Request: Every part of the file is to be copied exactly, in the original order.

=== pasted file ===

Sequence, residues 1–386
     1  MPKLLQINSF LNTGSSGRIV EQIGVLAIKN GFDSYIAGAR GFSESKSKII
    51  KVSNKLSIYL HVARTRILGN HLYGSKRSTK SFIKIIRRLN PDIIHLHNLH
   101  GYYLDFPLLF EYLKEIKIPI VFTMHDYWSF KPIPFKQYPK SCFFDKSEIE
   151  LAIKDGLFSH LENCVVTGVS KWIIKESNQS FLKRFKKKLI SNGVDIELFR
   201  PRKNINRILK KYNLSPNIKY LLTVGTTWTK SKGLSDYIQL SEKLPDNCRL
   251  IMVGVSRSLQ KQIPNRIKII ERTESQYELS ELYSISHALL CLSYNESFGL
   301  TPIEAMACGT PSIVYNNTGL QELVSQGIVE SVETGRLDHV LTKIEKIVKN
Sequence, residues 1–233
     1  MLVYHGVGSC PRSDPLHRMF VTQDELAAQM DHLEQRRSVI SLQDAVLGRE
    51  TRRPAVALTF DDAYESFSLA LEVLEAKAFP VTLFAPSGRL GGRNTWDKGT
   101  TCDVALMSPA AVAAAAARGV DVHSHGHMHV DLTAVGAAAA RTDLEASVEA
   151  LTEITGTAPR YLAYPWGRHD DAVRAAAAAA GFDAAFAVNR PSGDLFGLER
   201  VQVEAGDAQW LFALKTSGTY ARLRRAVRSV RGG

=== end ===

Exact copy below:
Sequence, residues 1–386
     1  MPKLLQINSF LNTGSSGRIV EQIGVLAIKN GFDSYIAGAR GFSESKSKII
    51  KVSNKLSIYL HVARTRILGN HLYGSKRSTK SFIKIIRRLN PDIIHLHNLH
   101  GYYLDFPLLF EYLKEIKIPI VFTMHDYWSF KPIPFKQYPK SCFFDKSEIE
   151  LAIKDGLFSH LENCVVTGVS KWIIKESNQS FLKRFKKKLI SNGVDIELFR
   201  PRKNINRILK KYNLSPNIKY LLTVGTTWTK SKGLSDYIQL SEKLPDNCRL
   251  IMVGVSRSLQ KQIPNRIKII ERTESQYELS ELYSISHALL CLSYNESFGL
   301  TPIEAMACGT PSIVYNNTGL QELVSQGIVE SVETGRLDHV LTKIEKIVKN
Sequence, residues 1–233
     1  MLVYHGVGSC PRSDPLHRMF VTQDELAAQM DHLEQRRSVI SLQDAVLGRE
    51  TRRPAVALTF DDAYESFSLA LEVLEAKAFP VTLFAPSGRL GGRNTWDKGT
   101  TCDVALMSPA AVAAAAARGV DVHSHGHMHV DLTAVGAAAA RTDLEASVEA
   151  LTEITGTAPR YLAYPWGRHD DAVRAAAAAA GFDAAFAVNR PSGDLFGLER
   201  VQVEAGDAQW LFALKTSGTY ARLRRAVRSV RGG